Ron, I think we’re largely in agreement, and are making points about two different things. I agree with you that the truth shouldn’t be glossed over and that lapsed Catholics would need to assent to the truth of the Church’s teaching as a condition of returning to the full practice of the Faith. IMO, the place for a lapsed Catholic to do that is in the Confessional and, if necessary, with one’s pastor or bishop (depending on the public nature of the lapse).

    I tried to focus on our (not being either Confessors or Pastors) being patient with those who are making a bona fide effort to return to the fullness of the Faith and are struggling with living it or even understanding it all. Clearly, willful rejection of Humanae Vitae separates one from the life of grace. But if Mr. Smith says “I want to return to the Church but I’m having trouble understanding why I should obey Humanae Vitae,” or “I want to return to the Church but I’m going to have trouble living by Humanae Vitae even though I accept the Church’s authority,” what do you think we should do?

    BTW, I’m enjoying this discussion. You are making me think!

    In Christ,

  32. Ron says:

    Nathan,

    Yes, I agree, we’re very similar in what we’re saying. I tend to think that if Mr. Smith cannot affirm the Church’s teaching on some dogma then he should wait to return or join the Church.

    The same happened to me. I was Protestant for awhile. I wasn’t sure what I thought about Marian devotion or the Papacy. Some of it I could assent to but some I could not. So instead of running right to the Church and joining, I waited and struggled through it. It wasn’t until I could say, “Yes I assent to Catholic teaching on these issues” that I thought I could enter (actually return) to the Church. I could not, in good conscience, join the Church if I could not assent to all of the Faith.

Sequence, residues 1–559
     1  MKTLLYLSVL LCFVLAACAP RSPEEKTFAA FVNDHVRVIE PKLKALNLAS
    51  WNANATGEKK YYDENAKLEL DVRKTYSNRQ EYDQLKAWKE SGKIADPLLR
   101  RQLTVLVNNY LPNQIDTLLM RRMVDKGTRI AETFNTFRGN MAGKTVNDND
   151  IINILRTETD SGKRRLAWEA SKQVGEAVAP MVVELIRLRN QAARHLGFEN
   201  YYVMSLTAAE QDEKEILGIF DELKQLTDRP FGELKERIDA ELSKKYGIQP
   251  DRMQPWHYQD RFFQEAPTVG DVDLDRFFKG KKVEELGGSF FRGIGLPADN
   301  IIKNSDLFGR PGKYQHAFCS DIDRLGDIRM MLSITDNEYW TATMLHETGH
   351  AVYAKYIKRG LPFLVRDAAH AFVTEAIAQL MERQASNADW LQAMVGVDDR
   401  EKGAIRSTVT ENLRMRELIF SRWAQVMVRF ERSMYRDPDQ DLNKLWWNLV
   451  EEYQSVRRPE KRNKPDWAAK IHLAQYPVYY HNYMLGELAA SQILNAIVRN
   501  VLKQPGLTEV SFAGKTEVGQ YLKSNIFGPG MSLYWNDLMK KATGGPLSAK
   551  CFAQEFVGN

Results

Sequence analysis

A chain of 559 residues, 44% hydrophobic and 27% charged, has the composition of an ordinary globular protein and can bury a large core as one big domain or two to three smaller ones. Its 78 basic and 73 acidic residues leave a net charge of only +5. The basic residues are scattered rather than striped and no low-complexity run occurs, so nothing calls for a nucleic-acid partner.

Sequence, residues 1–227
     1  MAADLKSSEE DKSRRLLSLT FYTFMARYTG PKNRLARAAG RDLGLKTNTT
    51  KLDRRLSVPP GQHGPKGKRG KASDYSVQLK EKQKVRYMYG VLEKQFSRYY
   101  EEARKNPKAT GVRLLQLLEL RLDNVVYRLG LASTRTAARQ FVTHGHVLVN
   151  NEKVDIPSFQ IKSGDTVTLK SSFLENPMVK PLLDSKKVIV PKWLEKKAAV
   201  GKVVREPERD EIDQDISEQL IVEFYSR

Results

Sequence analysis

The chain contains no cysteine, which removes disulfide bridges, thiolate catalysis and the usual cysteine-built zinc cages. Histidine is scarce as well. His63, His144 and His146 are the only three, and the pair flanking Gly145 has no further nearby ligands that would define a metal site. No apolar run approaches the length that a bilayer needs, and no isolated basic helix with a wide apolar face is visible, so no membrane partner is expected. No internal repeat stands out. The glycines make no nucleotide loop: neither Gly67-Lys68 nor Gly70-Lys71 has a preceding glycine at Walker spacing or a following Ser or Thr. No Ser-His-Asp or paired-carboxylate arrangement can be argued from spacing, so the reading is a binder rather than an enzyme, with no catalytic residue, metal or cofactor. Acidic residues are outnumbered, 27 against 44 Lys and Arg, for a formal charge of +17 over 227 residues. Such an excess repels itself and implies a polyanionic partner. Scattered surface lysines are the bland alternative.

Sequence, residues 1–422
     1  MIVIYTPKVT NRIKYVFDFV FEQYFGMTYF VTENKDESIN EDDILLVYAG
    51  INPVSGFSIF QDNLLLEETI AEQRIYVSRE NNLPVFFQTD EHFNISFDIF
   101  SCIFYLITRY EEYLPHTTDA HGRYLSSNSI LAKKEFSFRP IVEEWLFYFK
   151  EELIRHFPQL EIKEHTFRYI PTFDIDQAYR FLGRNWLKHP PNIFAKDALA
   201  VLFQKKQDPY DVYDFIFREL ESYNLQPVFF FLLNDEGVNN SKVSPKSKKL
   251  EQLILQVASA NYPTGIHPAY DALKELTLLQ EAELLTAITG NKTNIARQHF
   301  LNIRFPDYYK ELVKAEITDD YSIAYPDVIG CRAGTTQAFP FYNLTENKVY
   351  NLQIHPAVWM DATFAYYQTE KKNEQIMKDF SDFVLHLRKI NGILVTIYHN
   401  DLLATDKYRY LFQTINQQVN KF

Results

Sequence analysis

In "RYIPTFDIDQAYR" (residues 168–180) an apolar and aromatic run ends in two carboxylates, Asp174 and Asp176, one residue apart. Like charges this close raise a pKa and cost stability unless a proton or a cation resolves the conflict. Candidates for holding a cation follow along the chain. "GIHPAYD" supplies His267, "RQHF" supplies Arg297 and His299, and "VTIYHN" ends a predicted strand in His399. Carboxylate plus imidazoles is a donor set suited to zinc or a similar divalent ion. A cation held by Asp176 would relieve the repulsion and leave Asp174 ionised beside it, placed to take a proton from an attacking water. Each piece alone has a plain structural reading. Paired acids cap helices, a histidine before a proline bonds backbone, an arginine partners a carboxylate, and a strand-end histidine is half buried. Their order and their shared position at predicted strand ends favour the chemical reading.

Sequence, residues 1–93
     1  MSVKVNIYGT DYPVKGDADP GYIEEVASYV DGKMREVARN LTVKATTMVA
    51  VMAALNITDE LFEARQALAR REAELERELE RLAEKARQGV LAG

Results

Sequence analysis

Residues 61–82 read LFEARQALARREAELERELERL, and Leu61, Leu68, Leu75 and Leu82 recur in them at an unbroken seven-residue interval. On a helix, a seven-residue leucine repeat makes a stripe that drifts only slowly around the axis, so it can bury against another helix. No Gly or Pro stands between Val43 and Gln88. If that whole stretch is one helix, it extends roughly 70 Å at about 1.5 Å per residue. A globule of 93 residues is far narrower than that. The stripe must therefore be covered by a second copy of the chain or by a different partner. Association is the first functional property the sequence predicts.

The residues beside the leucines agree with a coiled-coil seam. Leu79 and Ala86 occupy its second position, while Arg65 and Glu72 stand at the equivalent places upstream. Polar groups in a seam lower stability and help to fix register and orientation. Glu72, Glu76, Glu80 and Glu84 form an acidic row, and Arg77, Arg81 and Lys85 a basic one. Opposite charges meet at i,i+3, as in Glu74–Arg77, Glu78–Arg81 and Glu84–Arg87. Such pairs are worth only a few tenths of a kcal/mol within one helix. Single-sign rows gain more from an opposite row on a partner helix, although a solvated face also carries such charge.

Pax Christi tecum.

  33. Ron says:

    And, to piggy-back my last comment, it would have seemed wrong to me to return to the Church while I had these doubts and while I could fully assent. I mean, why join or return in that case? I wouldn’t go join the local Reformed Protestants if I rejected some of what they believed.

    Pax Christi tecum

  34. Rose says:

    Seems to me a great many Catholics leave and stay away from the Church over the cohabitation or divorce or remarriage issue. If many of these Catholics were to heed the call and wish to return to Sunday Mass, what would a parish priest counsel with regard to the taking of Holy Communion?

  35. Kevin says:

    Michael J-
    “Do you want acceptance or Salvation? The Church offers both, but cannot offer one at the expense of the other.”

    The idea of Salvation with out acceptance is an interesting one. How would that work exactly? I would become acceptable to Christ but not to you? So be it. I came back to the church to glorify God and work towards the salvation of my soul. Not to meet some expectation you or any one else has. The Church is not some Ivy league Country Club where you have to measure up to belong. As I understand it even the worst of us can join.
    This is not to say that it wouldn’t be nice to be welcomed back and accepted warts and all.

    I apologize if I tweaked your nose with the “ideologically pure” jab, that was uncalled for. I will not apologize for belonging to the Church and expecting to be at least tolerated in a civil manner during my struggles to be worthy of Salvation.

  36. Mary says:

    He said the president could have been invited to Notre Dame to speak without honoring him. [exactly]

    This isn’t where discussion has been, but I’m a little curious about the argument that no one would have minded if Obama had only been invited to speak and not to receive an honorary degree.

    My gut reaction was “Obama’s invited to Notre Dame!?” not “They’re giving him an honorary degree!?” Was that too strict then? Do you guys think that if he had only been invited to speak, there would have been no uproar?